One senior congressional source familiar with the effort to obtain further information about the deal told the Free Beacon the Obama administration is not being transparent in the review process.

“On top of all the concessions–from ballistic missiles to conventional arms to a 24-day inspection period–we now learn that additional side deals were struck between the IAEA and Iran,” said a senior congressional source familiar with the effort to obtain further information about the deal.

“The Administration promised a transparent review process that would allow Americans and their elected representatives to assess the deal for themselves, but as it turns out, that was just utter bullsh**,” the source added. “The Administration signed off on an agreement that included a series of Iranian Eastern eggs, including secret deals regarding the possible military dimensions of Tehran’s nuclear program, to which Congress and the public are not privy.”

Iran plans missile tests to flaunt defiance of Vienna deal and UNSC resolution

August 3, 2015

Iran plans missile tests to flaunt defiance of Vienna deal and UNSC resolution, DEBKAfile, August 3, 2015

iranian_long-range_ballistic_Shahab-3Iran’s long-range ballistic Shahab-3

Before taking off from Cairo Sunday, Kerry issued this emphatic statement:  “There can be absolutely no question that if the [Iran deal] is fully implemented, it will make Egypt and all the countries of this region safer.”

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Shortly before US Secretary of State John Kerry was due in Qatar Monday, Aug. 3, Iran’s highest authorities led by supreme leader Ayatollah Ali Khamenei Sunday launched a public campaign to support Tehran’s noncompliance with the Vienna nuclear accord and UN Security Council Resolution 2231 of July 20, on its ballistic missile program. The campaign was designed by a team from Khamenei’s office, high-ranking ayatollahs and the top echelons of the Revolutionary Guards, including its chief, Gen. Ali Jafari.

It was kicked off with a batch of petitions fired off by the students of nine Tehran universities and Qom religious seminaries to Iran’s chief of staff Maj Gen. Hassan Firouzabadi, demanding immediate tests of long-range ballistic missiles to prove that the missile ban was invalid.

It was essential, said one student letter, “…to underline the necessity for protecting the country’s defense capabilities and ensuring continued development of Iran’s ballistic missile capability.”

The students, whose influence on public opinion is substantial, went on to argue: “Firing the ballistic missiles in military drills would discourage the US Congress, the Israeli Knesset and their regional Takfiri mercenaries (a reference to the Islamic State) from future strikes against the Islamic Republic.”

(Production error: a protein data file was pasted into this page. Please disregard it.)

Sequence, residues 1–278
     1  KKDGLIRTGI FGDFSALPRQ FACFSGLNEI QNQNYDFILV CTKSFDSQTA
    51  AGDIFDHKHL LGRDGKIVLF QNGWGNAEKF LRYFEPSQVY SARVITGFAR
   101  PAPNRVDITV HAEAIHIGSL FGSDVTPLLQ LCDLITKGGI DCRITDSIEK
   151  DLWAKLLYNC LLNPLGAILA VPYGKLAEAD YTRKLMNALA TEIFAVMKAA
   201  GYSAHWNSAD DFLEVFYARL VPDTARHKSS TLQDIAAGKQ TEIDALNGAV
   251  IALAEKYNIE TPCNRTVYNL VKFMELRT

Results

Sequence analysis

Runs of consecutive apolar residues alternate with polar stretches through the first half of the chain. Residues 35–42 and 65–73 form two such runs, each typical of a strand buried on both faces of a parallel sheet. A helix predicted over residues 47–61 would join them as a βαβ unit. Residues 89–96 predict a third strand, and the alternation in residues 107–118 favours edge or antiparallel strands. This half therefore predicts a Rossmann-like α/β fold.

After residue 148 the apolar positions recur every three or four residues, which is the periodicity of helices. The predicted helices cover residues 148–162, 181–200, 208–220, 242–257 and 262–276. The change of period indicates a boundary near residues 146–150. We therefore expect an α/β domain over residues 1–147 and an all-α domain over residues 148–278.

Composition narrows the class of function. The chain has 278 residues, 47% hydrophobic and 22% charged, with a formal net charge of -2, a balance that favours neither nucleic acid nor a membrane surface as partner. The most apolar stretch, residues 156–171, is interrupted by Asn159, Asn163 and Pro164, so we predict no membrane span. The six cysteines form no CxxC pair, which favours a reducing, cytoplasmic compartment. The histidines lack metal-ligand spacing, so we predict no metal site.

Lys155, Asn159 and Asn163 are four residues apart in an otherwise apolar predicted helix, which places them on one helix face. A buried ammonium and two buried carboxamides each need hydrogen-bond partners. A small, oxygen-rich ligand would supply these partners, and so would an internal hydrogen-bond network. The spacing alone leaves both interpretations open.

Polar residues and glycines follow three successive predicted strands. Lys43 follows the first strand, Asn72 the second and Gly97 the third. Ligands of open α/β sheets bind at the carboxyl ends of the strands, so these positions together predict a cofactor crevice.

The Security Council Resolution, which unanimously endorsed the Joint Comprehensive Plan of Action (Vienna nuclear accord) signed by Iran’s Foreign Minister Mohammed Javad Zarif, called on Iran “not to undertake any activity related to ballistic missiles designed to be capable of delivering nuclear weapons, including launches using such ballistic technology until the date eight years after the JCPOA Adoption Day.”

Tehran retorted that none of its ballistic missiles were designed to deliver nuclear weapons, and so this provision was void. Shortly after its passage, the foreign ministry in Tehran issued an assurance that “…the country’s ballistic missile program and capability is untouched and unrestricted by Resolution 2231.”

On July 30, Ali Akbar Velayati, Khamenei’s senior adviser on international affairs and member of the Expediency Council, told reporters, “The recent UNSC Resolution on Iran’s defensive capabilities, specially (sic) its missiles, is unacceptable to Iran.”

DEBKAfile’s Iranian sources report that Tehran deliberately engineered this campaign’s timing for it to surface the day before the arrival of John Kerry, the live wire behind the Vienna Accord, in Doha, Qatar, Monday. He has defined his mission as an effort to ease the concerns of the Gulf and other Arab nations about the negative affect of the accord on their security.

Before taking off from Cairo Sunday, Kerry issued this emphatic statement:  “There can be absolutely no question that if the [Iran deal] is fully implemented, it will make Egypt and all the countries of this region safer.”

This proposition may be harder than ever to sell to Iran’s neighbors once its ballistic missiles are launched over their heads.

What information collected by Israeli intelligence reveals about the Iran talks

July 29, 2015

What information collected by Israeli intelligence reveals about the Iran talks, TabletRonen Bergman, July 29, 2015

It is possible to argue about the manner in which Netanyahu chose to conduct the dispute about the nuclear agreement with Iran, by clashing head-on and bluntly with the American president. That said, the intelligence material that he was relying on gives rise to fairly unambiguous conclusions: that the Western delegates crossed all of the red lines that they drew themselves and conceded most of what was termed critical at the outset; and that the Iranians have achieved almost all of their goals.